Take a look at the state of Idaho's maintenance and utility bills for the Simplot mansion, and you'll see why the Simplot family is demolishing the house.
It's an expensive property, even when it's free.
After the Statesman reported last week that the Simplot family had begun demolishing the mansion, a few readers asked me how much the state had spent on it during the nearly eight years it was in Idaho's possession. I didn't know, so I asked the good folks at the Idaho Department of Administration.
Here's their response in chart form (Hover your mouse over the bars to see dollar figures for each category.):
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You can see that "Repair and maintenance" is the biggest cost, accounting for more than half of the total upkeep bill of $930,586.94. Utilities and landscape costs were the next biggest items, totaling more than $370,000.
The state covered these costs from the Governor's Residence Fund, which is managed by the Governor's Housing Committee, Department of Administration CFO D. Keith Reynolds said in an email. Some of the money in the fund — $221,000 — came from the sale of the former governor’s residence in the North End. The state also moved $778,800 into the residence fund from its Permanent Building Fund.
The Simplots donated the mansion and surrounding land to the state on Nov. 1, 2005. Idaho returned the property to the family June 24, 2013. Simplot spokesman Ken Dey said none of the family members wanted to live in the house, so they decided to tear it down.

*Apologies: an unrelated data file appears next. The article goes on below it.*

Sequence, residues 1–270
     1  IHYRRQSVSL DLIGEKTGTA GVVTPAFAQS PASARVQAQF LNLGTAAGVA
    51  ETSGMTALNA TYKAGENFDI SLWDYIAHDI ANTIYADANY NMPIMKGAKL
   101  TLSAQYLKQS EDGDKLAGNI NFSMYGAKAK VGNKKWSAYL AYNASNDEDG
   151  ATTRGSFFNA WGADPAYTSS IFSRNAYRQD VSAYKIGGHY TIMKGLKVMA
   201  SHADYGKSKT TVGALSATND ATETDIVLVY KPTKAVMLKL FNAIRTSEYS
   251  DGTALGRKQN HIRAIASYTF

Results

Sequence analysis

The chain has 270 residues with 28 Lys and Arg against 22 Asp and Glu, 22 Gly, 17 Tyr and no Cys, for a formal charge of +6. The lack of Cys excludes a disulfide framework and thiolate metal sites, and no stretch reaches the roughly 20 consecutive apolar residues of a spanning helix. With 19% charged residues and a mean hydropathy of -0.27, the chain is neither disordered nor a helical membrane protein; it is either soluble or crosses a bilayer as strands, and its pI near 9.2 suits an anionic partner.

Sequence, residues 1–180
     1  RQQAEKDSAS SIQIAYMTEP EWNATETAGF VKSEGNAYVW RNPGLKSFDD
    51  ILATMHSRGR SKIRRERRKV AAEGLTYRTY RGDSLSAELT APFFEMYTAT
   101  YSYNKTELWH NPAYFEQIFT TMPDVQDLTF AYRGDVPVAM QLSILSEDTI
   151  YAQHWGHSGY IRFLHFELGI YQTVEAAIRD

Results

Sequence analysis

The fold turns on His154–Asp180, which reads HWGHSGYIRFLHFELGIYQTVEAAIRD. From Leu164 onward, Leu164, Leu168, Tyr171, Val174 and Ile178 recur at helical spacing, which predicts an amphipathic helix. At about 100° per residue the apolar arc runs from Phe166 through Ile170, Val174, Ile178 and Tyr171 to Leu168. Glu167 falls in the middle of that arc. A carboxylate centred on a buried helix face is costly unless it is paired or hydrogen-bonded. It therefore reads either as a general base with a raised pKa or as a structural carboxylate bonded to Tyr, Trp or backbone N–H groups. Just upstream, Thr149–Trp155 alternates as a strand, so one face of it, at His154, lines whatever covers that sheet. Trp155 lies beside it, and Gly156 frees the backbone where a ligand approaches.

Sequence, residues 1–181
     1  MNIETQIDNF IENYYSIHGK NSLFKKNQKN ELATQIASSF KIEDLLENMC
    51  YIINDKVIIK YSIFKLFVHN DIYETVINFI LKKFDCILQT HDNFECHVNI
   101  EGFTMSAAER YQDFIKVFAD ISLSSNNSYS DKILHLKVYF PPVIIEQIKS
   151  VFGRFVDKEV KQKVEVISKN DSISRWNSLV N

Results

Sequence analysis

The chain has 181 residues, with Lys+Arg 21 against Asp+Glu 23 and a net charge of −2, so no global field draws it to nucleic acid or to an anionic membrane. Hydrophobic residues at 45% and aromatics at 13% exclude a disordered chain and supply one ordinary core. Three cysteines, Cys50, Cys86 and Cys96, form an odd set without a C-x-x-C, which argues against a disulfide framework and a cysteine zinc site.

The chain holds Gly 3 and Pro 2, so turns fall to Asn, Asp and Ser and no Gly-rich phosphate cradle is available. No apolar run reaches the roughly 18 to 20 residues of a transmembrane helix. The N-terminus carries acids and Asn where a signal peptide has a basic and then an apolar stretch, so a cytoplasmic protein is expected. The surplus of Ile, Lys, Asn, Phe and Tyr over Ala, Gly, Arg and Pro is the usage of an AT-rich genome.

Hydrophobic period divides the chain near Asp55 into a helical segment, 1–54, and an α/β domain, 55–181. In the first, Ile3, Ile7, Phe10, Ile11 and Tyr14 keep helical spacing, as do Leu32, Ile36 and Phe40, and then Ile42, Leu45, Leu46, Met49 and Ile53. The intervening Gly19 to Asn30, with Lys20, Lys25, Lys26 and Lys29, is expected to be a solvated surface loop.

Even after demolishing the house, some of the costs the state paid — utilities, landscaping — will still apply. But the family will spend a lot less on a bare piece of land than on a vacant mansion. On top of maintenance costs, they have to pay county property taxes, which have totaled almost $110,000 over the past two years.
Some people have suggested using the house to shelter homeless people or for some other charitable purpose. I'm guessing anything like that would require a ton of rehab work just to make the mansion a suitable space. Then you’d have the cost of liability insurance, which could be an absolute killer.
Yes, destroying the house feels wasteful. But I’ll bet spending around $100,000 a year on an empty house does, too.